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Am Fam Physician. 2004;69(3):637

The leading cause of hospital admission in Medicare patients is decompensated heart failure, which accounts for approximately 800,000 hospitalizations annually. Multiple studies have addressed the impact of medications on controlling symptoms, slowing disease progression, and improving survival in these patients. However, few studies have examined the natural history of decompen-sated heart failure. Understanding the natural history may allow physicians to target some of the symptoms before the disease progresses to the point where hospitalization is required. Schiff and colleagues evaluated the time course, contributing factors, and patient responses to decompensated heart failure.

Patients diagnosed with heart failure who were admitted to an urban hospital during a 10-week period were eligible to participate. Patients who met eligibility criteria answered a structured questionnaire given by a nurse interviewer. The questionnaire included information about patients' awareness of their diagnosis, presence of heart failure symptoms, and the time course of clinical decompensation. The questionnaire used a timeline follow-back technique to help patients estimate dates of onset, duration, and response to symptoms, and to remember reasons for worsening of their symptoms. Patients were asked whether these reasons were major or minor factors in the worsening of their symptoms. The final part of the questionnaire asked if there were any interventions or programs the patients might find helpful in preventing hospitalization.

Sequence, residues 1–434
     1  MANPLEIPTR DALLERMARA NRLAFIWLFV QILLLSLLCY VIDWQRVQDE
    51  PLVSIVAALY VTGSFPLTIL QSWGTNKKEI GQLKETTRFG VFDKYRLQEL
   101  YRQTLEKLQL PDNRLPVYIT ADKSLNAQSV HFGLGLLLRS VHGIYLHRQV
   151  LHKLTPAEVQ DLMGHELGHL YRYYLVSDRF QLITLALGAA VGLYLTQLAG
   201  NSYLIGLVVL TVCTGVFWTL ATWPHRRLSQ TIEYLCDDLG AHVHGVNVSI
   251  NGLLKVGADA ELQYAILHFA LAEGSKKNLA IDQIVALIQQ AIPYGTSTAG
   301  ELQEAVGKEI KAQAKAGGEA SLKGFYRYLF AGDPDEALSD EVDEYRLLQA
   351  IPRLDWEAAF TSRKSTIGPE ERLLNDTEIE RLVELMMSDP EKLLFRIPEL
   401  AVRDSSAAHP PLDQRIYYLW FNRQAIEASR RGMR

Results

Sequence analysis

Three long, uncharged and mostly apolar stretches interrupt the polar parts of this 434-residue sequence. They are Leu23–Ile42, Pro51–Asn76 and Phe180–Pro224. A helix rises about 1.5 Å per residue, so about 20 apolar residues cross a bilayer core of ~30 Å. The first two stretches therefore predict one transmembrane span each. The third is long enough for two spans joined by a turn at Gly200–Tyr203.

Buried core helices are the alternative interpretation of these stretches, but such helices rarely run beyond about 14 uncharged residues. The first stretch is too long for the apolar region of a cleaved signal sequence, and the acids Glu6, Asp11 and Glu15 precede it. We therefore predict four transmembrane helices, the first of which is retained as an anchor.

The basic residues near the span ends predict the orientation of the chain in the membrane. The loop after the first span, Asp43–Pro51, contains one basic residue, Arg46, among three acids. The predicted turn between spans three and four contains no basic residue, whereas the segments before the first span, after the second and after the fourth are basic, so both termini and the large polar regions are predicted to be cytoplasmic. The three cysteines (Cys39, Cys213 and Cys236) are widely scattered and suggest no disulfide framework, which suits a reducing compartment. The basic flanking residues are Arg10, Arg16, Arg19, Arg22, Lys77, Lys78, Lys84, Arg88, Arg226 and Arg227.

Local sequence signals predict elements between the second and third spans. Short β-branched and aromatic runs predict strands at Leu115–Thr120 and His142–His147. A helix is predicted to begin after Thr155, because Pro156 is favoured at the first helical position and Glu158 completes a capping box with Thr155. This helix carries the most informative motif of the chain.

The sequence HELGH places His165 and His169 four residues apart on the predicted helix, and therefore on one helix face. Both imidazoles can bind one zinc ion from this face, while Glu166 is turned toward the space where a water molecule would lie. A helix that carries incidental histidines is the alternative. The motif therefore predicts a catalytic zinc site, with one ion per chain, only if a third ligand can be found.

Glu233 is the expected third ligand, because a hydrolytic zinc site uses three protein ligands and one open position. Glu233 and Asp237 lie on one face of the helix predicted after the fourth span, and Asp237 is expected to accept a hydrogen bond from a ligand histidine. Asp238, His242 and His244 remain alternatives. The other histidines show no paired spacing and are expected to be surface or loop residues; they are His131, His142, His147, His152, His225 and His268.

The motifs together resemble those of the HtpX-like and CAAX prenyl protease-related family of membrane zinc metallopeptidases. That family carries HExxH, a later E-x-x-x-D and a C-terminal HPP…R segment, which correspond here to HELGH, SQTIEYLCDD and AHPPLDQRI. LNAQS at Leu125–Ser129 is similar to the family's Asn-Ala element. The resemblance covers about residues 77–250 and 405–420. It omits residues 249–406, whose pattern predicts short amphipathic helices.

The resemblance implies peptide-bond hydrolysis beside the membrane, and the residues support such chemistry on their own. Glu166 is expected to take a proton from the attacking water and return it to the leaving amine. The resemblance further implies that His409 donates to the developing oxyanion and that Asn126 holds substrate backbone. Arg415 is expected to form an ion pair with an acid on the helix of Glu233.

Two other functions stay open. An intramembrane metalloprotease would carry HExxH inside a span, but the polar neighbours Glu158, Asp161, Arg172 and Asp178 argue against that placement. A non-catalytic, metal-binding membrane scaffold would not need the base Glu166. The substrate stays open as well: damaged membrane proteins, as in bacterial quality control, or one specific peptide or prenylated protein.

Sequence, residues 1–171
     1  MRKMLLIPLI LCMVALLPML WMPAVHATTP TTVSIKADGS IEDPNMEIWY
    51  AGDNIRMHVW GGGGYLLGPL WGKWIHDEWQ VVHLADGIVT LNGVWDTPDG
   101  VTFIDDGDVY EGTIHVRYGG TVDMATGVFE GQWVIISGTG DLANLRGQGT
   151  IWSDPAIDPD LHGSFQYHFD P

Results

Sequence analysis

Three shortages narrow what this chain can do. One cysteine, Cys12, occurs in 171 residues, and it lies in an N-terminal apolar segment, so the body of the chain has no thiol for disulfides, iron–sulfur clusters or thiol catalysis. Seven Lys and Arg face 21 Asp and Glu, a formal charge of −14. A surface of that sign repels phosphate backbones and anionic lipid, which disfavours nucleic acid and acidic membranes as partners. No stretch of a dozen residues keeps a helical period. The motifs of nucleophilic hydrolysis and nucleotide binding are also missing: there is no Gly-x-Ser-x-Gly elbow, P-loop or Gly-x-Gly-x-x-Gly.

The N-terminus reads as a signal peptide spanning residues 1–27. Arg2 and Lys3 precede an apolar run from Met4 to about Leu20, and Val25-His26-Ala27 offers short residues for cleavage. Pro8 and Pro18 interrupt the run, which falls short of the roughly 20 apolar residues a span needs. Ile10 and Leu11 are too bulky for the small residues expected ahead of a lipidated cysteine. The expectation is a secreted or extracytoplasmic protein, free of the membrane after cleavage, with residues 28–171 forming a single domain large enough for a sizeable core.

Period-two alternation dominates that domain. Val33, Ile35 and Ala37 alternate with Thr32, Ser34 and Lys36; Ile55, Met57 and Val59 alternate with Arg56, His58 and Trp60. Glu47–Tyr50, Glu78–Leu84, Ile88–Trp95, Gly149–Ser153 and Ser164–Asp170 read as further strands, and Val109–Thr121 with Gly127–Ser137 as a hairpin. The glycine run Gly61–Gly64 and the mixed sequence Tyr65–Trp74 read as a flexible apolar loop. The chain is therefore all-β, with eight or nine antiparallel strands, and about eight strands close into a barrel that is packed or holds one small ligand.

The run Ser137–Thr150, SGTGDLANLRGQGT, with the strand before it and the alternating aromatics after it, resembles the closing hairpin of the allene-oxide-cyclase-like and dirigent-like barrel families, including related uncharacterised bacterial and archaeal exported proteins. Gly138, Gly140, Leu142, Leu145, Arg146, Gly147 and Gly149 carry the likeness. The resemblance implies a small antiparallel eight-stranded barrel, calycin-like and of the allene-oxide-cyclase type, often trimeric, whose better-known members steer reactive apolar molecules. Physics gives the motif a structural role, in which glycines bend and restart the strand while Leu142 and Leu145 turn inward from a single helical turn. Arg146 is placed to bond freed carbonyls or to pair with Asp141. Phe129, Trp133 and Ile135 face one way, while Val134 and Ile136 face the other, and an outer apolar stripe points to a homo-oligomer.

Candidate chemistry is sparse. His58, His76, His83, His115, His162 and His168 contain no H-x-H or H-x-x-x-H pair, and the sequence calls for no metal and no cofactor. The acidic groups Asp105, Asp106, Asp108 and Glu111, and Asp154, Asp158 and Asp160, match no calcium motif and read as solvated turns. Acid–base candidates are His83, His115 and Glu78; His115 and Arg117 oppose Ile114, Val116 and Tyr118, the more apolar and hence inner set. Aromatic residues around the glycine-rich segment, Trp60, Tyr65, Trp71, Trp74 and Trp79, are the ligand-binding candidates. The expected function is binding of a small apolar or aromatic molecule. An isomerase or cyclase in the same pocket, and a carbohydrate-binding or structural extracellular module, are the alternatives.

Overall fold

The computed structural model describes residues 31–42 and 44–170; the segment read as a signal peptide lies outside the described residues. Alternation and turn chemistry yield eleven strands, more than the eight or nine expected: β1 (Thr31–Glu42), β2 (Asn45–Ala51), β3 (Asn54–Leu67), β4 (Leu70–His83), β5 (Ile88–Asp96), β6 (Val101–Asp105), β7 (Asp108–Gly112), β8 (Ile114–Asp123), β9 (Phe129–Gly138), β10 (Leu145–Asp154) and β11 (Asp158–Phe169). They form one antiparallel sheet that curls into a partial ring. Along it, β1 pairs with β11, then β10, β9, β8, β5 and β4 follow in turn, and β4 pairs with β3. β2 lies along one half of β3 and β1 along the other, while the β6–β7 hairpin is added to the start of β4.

Of the 83 patients interviewed, 59 percent were aware that they had been diagnosed with heart failure, 98 percent reported dyspnea, 77 percent had edema, and 41 percent reported weight gain. The mean onset of symptoms was 12.4 days before admission in patients with edema, 11.4 days in patients with weight gain, and 8.4 days in patients with walking dyspnea. One of the major contributing factors patients reported for decompensation of heart failure was missing or skipping medications; this was particularly true in patients who had missed outpatient appointments before their hospitalization.

The authors conclude that hospital admission in patients with decompensated heart failure is preceded by a period of days or weeks of worsening symptoms. This finding suggests that there is a period between the onset of symptoms and hospitalization when interventions may reduce the hospitalization rate. The major contributing factor for heart failure decompensation was medication lapses. Providing more timely contact between patients and their outpatient caregivers, and developing a more reliable system for preventing medication lapses may help reduce the hospitalization rate in patients with decompensated heart failure.

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